— Lorna Byrne, Love from Heaven, p. 25

[Photo: South Riding, Virginia, November 6, 2016]

Walking in the Garden

Tuesday, March 27th, 2018

Stop complaining about the flower that died. You are walking in the garden. Just raise your perspective, and see how much beauty and fragrance is all around you.

— Chuck Spezzano, If It Hurts, It Isn’t Love, p. 289

[Photo: Keukenhof, Holland, April 1999]

Contentment

Sunday, March 25th, 2018

Verse for the day:

In Accordance With the Bible

Sunday, March 25th, 2018

The goal, over against the Platonizing distortions, is the fulfillment of the promise to Abraham to give the worldwide inheritance (see Rom. 4:13) to his entire single family. The problem is not the general problem of human sin or indeed of the death that it incurs. The problem is that God made promises not only to Abraham but through Abraham to the world, and if the promise-bearing people fall under the Deuteronomic curse, as Deuteronomy itself insists that they will, the promises cannot get out to the wider world. The means is then that Jesus, as Israel’s Messiah, bears Israel’s curse in order to undo the consequences of sin and “exile” and so to break the power of the “present evil age” once and for all. When sins are forgiven, the “powers” are robbed of their power. Once we understand how the biblical narrative actually works, so as to see the full force of saying that “the Messiah died for our sins in accordance with the Bible,” the admittedly complex passage can be seen to be fully coherent.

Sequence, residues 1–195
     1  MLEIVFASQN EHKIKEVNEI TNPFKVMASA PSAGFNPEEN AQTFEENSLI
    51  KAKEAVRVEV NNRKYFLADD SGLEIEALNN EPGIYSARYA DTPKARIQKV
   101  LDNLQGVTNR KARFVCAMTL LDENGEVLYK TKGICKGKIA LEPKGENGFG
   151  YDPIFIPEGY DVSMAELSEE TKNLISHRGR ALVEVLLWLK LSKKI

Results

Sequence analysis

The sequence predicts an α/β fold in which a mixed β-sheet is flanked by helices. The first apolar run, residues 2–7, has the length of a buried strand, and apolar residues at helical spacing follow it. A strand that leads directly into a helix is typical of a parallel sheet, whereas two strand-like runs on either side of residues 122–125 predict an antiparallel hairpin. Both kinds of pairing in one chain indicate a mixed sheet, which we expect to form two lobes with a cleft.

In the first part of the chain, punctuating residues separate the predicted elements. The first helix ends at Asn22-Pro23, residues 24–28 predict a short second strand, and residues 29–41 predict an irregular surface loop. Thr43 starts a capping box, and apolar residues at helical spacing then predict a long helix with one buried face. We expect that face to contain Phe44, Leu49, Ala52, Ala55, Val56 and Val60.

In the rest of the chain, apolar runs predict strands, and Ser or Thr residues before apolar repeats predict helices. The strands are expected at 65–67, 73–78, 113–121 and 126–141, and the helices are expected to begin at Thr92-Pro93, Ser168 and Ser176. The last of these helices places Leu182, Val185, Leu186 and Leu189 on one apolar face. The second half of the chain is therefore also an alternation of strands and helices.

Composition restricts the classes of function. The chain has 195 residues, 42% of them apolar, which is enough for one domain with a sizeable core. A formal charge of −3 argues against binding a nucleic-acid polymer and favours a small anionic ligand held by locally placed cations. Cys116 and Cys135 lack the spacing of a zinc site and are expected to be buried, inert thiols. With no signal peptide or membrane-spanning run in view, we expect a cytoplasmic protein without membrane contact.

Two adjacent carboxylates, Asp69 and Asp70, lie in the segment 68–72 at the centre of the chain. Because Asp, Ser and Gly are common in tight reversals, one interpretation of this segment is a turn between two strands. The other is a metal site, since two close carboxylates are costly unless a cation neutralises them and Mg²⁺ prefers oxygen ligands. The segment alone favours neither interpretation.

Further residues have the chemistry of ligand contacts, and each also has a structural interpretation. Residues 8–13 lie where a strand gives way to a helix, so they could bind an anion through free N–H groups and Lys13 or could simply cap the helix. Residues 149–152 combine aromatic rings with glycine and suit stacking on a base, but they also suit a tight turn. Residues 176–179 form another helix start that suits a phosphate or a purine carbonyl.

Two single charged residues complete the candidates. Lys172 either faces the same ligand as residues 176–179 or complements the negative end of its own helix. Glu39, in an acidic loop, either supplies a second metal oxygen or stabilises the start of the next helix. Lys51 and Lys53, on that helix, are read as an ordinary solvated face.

— N. T. Wright, The Day the Revolution Began, p. 241

[Photo: Sunset from Chincoteague, Virginia, October 22, 2016]

A Community of Loved Ones

Saturday, March 24th, 2018

You may think that a community of loved ones can come later; that what you really need is a partner. If you think this way, chances are good that you are sabotaging your search for love. If you seek romantic love but are not building love into your relationships with friends and family, chances are good that you won’t find what you’re looking for….

Our characters are like wax. Left alone in the cold commerce of day-to-day life, we harden into whatever shape our environment creates for us. Wax must be warmed to be reshaped. We are warmed when we are in the Gift Zone. When we are in the presence of people with whom we feel safe, we are also warmed. We begin to soften. We find ourselves becoming malleable and trusting as we open these tender parts of ourselves again. At that time we need the kind and supportive hands of others to help us reshape ourselves. We can’t do it alone.

— Ken Page, Deeper Dating, p. 74.

[Photo: Bluebell Trail, Bull Run Regional Park, Virginia, April 8, 2016.]

Whatever!

Friday, March 23rd, 2018

Verse for the day:

[Photo: Leithöfe, Germany, April 1997]

Unlocking the Door

Friday, March 23rd, 2018

It is difficult to release hurt when people have been cruel. I have seen repeatedly that forgiveness grants that ability. Forgiveness allows us to reclaim our power from the people who continue to hurt us through our use of blame and personal offense. Staying tied to people who were unkind by taking things too personally is the first step in a process by which we intensify the grievance that began when we did not get what we wanted. Blame is the second step. Forgiveness is the key to unlocking the door to let you out.

— Dr. Fred Luskin, Forgive for Good, p. 31-32

[Photo: Burg Rheinfels, Germany, April 4, 1997]